The Largest Security-Cleared Career Network for Defense and Intelligence Jobs - JOIN NOW

Weapons of Mass Destruction (WMD)

Jordan Urges UN Security Council Action on Libya

by VOA News February 19, 2015

Jordan circulated a draft United Nations Security Council resolution late Wednesday that would lift an arms embargo against the Libyan government, work toward halting the flow of weapons to militants, and push for Libya's internationally recognized government to return to the capital in Tripoli.

The council met earlier for emergency talks on the situation in Libya, where militias and two parallel governments have left the country in a persistent state of instability following the 2011 ouster of leader Moammar Gadhafi.

The session came days after Islamic State militants released a video showing the beheadings of 21 Egyptian Christians who had been kidnapped in Libya.

Libyan Foreign Minister Mohammed al-Dairi called the situation in Libya 'disastrous,' and told the council that the world has a responsibility to preserve peace and stability.

'Libya needs a decisive stance from the international community to help us build our national arms capacity, and this would come through the lifting of the arms embargo on weapons so that our army can receive material and weapons so they can deal with this rampant terrorism,' he said.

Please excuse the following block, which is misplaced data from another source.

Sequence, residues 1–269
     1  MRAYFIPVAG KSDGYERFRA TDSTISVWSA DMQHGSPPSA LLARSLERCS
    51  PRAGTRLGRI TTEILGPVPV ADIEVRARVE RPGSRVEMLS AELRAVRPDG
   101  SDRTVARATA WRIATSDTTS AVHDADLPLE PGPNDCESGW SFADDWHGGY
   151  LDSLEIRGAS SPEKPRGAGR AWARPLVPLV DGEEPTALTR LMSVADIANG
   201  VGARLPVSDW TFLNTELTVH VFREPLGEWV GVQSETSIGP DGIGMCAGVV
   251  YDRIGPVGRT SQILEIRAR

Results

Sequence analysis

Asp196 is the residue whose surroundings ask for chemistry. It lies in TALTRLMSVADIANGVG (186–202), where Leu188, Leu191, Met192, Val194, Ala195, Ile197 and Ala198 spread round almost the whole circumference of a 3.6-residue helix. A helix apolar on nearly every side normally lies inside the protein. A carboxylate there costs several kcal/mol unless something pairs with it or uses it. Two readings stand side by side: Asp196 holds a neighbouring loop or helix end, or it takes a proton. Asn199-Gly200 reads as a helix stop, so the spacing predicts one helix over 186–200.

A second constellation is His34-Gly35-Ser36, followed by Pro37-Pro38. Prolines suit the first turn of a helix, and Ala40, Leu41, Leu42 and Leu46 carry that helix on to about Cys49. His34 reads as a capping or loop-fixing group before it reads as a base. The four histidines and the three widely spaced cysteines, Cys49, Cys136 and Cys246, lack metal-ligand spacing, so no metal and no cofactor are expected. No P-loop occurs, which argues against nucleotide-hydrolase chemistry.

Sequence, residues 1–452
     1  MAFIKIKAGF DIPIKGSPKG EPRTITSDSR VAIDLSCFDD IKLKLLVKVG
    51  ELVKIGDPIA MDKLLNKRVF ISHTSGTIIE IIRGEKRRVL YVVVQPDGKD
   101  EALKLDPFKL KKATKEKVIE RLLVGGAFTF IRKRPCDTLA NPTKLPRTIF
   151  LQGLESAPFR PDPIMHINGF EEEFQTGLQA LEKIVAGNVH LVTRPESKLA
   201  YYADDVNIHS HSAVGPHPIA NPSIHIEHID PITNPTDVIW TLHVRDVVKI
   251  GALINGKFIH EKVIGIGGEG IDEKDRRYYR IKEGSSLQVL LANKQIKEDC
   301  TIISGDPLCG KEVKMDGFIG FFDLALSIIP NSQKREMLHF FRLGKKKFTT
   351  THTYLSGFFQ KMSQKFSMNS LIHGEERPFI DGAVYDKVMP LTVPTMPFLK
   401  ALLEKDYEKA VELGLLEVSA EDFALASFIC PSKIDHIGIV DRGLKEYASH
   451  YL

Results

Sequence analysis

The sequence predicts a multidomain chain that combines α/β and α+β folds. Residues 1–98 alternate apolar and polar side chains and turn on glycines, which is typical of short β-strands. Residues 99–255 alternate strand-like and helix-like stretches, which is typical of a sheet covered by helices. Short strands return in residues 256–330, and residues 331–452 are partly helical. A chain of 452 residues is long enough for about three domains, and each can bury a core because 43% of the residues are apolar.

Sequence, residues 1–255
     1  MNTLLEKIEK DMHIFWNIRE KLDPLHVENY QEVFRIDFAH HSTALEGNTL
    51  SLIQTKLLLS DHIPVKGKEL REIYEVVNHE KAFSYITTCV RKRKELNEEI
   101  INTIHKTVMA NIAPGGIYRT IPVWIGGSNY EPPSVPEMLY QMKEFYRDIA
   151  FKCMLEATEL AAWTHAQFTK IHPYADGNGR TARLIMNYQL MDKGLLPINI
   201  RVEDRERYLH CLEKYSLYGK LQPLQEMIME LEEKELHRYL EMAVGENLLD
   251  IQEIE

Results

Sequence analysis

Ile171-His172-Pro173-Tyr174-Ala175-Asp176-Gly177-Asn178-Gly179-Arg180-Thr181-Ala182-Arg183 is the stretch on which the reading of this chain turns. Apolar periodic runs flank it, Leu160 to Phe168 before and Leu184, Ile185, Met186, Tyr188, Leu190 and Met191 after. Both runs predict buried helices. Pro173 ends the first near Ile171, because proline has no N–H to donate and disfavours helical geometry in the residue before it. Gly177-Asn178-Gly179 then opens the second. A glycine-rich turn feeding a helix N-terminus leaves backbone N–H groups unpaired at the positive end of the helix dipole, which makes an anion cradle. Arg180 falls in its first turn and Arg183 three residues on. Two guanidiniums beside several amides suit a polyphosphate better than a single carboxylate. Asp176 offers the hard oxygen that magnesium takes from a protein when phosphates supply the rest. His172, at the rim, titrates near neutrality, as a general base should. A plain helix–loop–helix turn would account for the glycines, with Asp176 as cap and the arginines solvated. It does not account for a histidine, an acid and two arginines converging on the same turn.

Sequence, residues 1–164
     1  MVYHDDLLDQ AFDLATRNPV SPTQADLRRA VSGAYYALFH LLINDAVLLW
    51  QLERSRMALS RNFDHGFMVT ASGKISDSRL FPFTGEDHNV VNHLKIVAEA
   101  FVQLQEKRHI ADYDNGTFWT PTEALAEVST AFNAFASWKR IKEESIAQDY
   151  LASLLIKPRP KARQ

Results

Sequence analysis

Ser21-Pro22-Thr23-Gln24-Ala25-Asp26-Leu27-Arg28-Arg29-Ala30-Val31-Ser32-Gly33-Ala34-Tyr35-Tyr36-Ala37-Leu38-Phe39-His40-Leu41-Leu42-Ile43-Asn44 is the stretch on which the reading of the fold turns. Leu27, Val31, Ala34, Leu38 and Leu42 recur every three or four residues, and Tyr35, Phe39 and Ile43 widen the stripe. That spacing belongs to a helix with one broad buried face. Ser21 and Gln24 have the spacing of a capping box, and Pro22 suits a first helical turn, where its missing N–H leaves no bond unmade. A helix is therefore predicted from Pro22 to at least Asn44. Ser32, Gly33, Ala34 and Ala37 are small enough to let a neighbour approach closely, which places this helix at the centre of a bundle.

The foreign minister stressed Libya is not asking for international military intervention.

The U.N.'s special envoy to Libya, Bernardino Leon, spoke to the council by teleconference, saying that addressing the political crisis remains the most important priority.

'The savage terrorist acts highlight once again the imminent danger confronting Libya, its people and the wider region unless there is a swift agreement among the main parties in the country of resolving the political crisis and bringing an end to the military and political conflict,' he said.

Libya has been under an arms embargo since 2011. The internationally recognized government now operating out of Tobruk has been able to petition a U.N. committee to ask that certain weapons sales be approved, but there remains some unease in lifting the embargo with fears that the arms could end up in the hands of the many militant groups operating in Libya.



NEWSLETTER
Join the GlobalSecurity.org mailing list